It’s A Dog’s Life
I really love dogs, always have, always will. I would love to have had a dog this last 40 odd years living in Hong Kong. But because I love them so much, I won’t get one.
Does that sound paradoxical? Let me explain.
All the time I was growing up in England until the time I went to secondary school we had a dog in our house. He was called Tinker because he was a bit of a gypsy. We were so close he slept in my room – sometimes in the cold weather under the blankets in bed with me, but don’t tell Mum. He was a mongrel – the best kind of dog in my view. His parents obviously fell in love at first sight, and ignored family opposition. Or perhaps they both just fancied a quickie. Otherwise how could he have had such a loving nature?
People don’t call a dog “man’s best friend” for nothing. A dog’s love is unequivocal, you’re his best buddy and he’ll never let you down. When you’ve made a mistake or done something wrong and everyone else is on your back, a dog will whimper and rest his head on your knee and give you a little lick here and there to let you know you still have one friend in all the world. He’s there to share your pain.
We lived on a council estate (UK equivalent of public housing) and our modest two-storey house had a small garden front and back. Tinker could do his business in the front garden and no-one complained because it helped Mum’s flowers grow. To the rear of the house was a hedge which separated all the back gardens from a large meadow. Rusty went there whenever he wanted and I sometimes sneaked after him though it was strictly forbidden for reasons I never quite understood. But not to worry, at the end of the street was a large public park. Tinker and I could run to it, chase about within, and then run home. And we did play together, every day. After all, I was in primary school and in England at that time that meant no homework.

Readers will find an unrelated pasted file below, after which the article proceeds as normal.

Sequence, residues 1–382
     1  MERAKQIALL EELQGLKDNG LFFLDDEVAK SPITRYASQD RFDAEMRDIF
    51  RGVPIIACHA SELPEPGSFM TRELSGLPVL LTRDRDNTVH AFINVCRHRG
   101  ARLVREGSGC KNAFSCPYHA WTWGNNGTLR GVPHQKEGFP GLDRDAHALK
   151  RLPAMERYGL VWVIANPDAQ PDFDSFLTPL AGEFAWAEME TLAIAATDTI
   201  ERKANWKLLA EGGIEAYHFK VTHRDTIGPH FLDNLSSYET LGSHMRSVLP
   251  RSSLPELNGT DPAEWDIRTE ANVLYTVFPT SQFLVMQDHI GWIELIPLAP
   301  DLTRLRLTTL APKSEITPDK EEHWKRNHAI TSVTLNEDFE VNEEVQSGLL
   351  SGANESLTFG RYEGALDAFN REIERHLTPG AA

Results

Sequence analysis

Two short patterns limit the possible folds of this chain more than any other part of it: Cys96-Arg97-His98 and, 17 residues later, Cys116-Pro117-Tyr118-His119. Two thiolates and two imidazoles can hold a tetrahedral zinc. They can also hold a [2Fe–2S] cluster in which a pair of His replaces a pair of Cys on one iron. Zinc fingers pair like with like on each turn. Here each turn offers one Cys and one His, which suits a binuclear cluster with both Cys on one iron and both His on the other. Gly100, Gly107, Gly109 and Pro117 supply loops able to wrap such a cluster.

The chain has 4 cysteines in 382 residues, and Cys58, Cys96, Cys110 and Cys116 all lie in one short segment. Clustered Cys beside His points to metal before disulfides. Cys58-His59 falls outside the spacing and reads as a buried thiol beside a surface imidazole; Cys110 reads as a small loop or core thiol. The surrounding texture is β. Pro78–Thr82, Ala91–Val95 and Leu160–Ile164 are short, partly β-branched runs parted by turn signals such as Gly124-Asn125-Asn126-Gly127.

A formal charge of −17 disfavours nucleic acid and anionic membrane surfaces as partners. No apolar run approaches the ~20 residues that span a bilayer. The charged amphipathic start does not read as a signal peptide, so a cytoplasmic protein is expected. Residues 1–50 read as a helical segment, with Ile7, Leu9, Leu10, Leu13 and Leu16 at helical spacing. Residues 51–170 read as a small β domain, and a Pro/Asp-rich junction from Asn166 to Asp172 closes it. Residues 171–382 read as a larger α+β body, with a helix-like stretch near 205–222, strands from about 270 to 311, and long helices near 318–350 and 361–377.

Can anyone spot the difference between that lifestyle and our lives in Hong Kong? It doesn’t take a Nobel Prize winner, does it. Like the vast majority of local residents, I have always lived in high rise apartment blocks. Even if there was a small garden, you were not allowed to take your dog there, let alone allow him to do his business. Public parks indeed we have, but you can do very little in them and your dog must be on a lead (and muzzled in the lift on the way down to ground floor). Dogs don’t want to be kept on a lead any more than small boys. They want to run here and there, stopping at will to sniff anything that smells interesting.
Pooing to order on a newspaper? I don’t think so! Allowing him to go where he likes and then scooping up and disposing properly? Just how long would you retain respect for each other living like that.
Above all a dog needs and deserves your time. He wants to run with you and play and fetch a ball and receive your hugs. You want to feel his paws on your shoulders and his wet slobbery tongue on your face showing his appreciation. Alas in Hong Kong I’ve never had the time to look after a dog properly, and I refuse to demean the two of us by doing an imperfect job.
I love a dog too much, in memory of my Tinker.